But Boston landlords claimed that financially privileged tenants who could afford to pay market values for their apartments abused the system. Soon after, a coalition of property owners introduced a ballot initiative to overturn rent control at the state level. Citizens in 351 Massachusetts towns and suburbs were given a vote on whether to outlaw a policy that affected only three cities – and the policy was indeed overturned.
Soon after the eradication of rent control in Massachusetts other states, such as Tennessee and Illinois, followed suit with laws that prohibited cities and towns from establishing rent control in 1996 and 1997 respectively. Such pre-emption laws now cover much of the US, according to the Urban Institute.
Massachusetts, though, is heading in the opposite direction.
Its state rent stabilization bill would limit allowable rent increases to the rate of inflation with a cap at 5% per year, and excludes newly constructed units for the first five years – so as not to drive down new construction.
But the opposition is steep. The broaching of rent control by Mayor Michelle Wu’s administration prompted the Greater Boston Real Estate Board to invest $400,000 in an anti-rent control campaign.
Jim Lapides, vice-president of advocacy and strategic communications for the National Multifamily Housing Council, whose membership consists of private landlords and commercial real estate developers, believes rent control is a Band-Aid solution that won’t result in more affordable rent for those who need it.
“Politicians are looking for an expedient solution to say they addressed the housing crisis so they can get re-elected,” said Lapides.
“Expanding housing choice voucher programs, which are underutilized, is a much better way to help families that need rental assistance,” he said, referring to a federal assistance program that subsidizes rent for low-income residents. (Only one in four people who qualify for federal housing assistance currently receive support.)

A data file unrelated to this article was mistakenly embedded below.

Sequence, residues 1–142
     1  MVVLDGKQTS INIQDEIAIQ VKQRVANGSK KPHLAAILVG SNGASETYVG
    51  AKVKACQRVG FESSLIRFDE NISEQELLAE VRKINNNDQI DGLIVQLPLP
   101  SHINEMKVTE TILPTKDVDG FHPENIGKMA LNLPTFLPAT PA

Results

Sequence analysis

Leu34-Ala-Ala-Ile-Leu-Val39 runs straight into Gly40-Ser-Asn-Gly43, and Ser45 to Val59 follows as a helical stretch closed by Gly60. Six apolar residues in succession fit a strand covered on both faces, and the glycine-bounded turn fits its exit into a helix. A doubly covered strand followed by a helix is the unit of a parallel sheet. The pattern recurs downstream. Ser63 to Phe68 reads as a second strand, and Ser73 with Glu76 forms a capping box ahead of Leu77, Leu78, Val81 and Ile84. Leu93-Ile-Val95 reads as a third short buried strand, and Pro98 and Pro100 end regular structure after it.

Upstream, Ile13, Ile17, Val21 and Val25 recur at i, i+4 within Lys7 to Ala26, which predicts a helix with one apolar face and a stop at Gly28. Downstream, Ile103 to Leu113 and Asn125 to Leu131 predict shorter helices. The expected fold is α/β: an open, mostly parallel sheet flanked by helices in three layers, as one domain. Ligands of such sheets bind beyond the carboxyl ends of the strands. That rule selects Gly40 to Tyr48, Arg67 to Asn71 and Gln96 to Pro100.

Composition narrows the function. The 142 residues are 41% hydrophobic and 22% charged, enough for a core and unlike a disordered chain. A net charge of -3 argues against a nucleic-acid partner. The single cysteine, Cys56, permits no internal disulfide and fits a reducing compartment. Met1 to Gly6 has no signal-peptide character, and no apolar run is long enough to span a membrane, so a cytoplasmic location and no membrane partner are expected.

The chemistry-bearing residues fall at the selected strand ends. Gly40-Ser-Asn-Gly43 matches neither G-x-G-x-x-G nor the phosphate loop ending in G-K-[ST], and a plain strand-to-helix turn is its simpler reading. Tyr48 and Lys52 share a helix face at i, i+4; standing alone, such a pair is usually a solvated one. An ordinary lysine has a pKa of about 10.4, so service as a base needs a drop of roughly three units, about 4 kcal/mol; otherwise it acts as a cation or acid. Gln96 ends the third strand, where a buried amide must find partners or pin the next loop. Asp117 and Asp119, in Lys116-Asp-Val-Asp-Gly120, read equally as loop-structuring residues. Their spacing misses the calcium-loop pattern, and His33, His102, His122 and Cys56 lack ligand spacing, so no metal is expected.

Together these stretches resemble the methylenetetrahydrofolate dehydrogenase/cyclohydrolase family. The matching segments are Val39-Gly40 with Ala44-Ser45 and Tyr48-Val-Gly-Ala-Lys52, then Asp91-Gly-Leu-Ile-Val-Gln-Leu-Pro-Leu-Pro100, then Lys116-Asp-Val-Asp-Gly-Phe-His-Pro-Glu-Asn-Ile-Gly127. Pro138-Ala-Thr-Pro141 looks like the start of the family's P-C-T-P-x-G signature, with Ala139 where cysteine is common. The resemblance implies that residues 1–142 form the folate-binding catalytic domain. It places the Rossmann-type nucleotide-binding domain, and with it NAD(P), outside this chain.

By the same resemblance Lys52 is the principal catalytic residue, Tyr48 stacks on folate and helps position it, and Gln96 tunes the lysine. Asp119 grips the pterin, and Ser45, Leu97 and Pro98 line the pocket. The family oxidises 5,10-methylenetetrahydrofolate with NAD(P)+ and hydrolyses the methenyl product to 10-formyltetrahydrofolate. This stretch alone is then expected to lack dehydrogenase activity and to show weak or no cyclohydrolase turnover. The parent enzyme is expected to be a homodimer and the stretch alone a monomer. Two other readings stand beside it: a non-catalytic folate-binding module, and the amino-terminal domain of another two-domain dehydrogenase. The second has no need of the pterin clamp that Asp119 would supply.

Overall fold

Activists, on the other hand, say drastic solutions are needed immediately. “Rent control is an anti-displacement tool,” said Andres Del Castillo, a lead organizer at City Life/Vida Urbana, a non-profit organization that supports tenants fighting for affordable and safe housing. “It’s not centered on housing production, it’s focused on the issue of real people being displaced right now,” he says.
It’s true that rent stabilization laws do help residents in protected units remain in place. But their broader effects are ambiguous. Do they disincentivize developers to build more units? Or, on the other hand, do they improve economic opportunities for tenants and reduce racial inequality? The evidence for all of this is “mixed”, experts say.
Amid this uncertainty, some efforts have foundered.
After outlawing rent control in 1981, the Colorado state legislature this year considered a bill that would have granted cities the power to set their own rent regulation policies. But the proposal failed amid concerns from some lawmakers that it would suffocate new development.
In Oregon, where lawmakers capped rent hikes in 2019 to no more than 7% plus the inflation rate, there have been calls for amendments to the bill, capping increases at just 3% plus inflation. That proposal has been weakened.
In Massachusetts, the proposal must be reviewed by the legislature’s housing committee, which includes a hearing at which the public can weigh in. The committee will decide whether the bill will be put up for a vote in the statehouse. All the while, the stakes feel visceral.
“Myself and my three daughters are living with rodents, cockroaches and lead in our apartment,” Suneyda Mejia proclaimed to a crowd of protesters on the steps of her apartment building. Earlier this year her landlord had threatened her with eviction after she resisted a $400 rent hike despite the poor condition of the building. She is hoping the landlord will negotiate a fairer rental agreement with the tenants.
“We cannot continue paying rent increases while living in such bad conditions,” said Lucia Guardado, another of the tenant organizers. “We must fight for rent control.”